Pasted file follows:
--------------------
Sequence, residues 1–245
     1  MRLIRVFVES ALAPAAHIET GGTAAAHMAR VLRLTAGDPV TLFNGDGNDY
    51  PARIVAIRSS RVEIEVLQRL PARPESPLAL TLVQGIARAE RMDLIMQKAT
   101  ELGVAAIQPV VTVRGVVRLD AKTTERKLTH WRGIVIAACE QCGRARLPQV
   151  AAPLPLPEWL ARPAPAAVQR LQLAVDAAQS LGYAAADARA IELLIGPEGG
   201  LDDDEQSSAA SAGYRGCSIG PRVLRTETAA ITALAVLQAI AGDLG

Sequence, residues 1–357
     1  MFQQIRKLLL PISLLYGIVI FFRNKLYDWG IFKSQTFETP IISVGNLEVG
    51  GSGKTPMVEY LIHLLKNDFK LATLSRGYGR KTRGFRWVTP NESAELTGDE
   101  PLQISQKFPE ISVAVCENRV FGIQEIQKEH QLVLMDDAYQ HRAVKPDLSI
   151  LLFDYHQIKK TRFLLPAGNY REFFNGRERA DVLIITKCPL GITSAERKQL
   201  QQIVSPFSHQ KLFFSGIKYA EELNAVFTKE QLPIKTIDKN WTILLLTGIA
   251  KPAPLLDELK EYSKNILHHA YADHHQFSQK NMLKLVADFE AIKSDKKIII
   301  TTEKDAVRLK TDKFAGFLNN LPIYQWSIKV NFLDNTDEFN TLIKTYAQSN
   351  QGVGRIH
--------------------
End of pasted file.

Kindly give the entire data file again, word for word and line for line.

Sequence, residues 1–245
     1  MRLIRVFVES ALAPAAHIET GGTAAAHMAR VLRLTAGDPV TLFNGDGNDY
    51  PARIVAIRSS RVEIEVLQRL PARPESPLAL TLVQGIARAE RMDLIMQKAT
   101  ELGVAAIQPV VTVRGVVRLD AKTTERKLTH WRGIVIAACE QCGRARLPQV
   151  AAPLPLPEWL ARPAPAAVQR LQLAVDAAQS LGYAAADARA IELLIGPEGG
   201  LDDDEQSSAA SAGYRGCSIG PRVLRTETAA ITALAVLQAI AGDLG

Sequence, residues 1–357
     1  MFQQIRKLLL PISLLYGIVI FFRNKLYDWG IFKSQTFETP IISVGNLEVG
    51  GSGKTPMVEY LIHLLKNDFK LATLSRGYGR KTRGFRWVTP NESAELTGDE
   101  PLQISQKFPE ISVAVCENRV FGIQEIQKEH QLVLMDDAYQ HRAVKPDLSI
   151  LLFDYHQIKK TRFLLPAGNY REFFNGRERA DVLIITKCPL GITSAERKQL
   201  QQIVSPFSHQ KLFFSGIKYA EELNAVFTKE QLPIKTIDKN WTILLLTGIA
   251  KPAPLLDELK EYSKNILHHA YADHHQFSQK NMLKLVADFE AIKSDKKIII
   301  TTEKDAVRLK TDKFAGFLNN LPIYQWSIKV NFLDNTDEFN TLIKTYAQSN
   351  QGVGRIH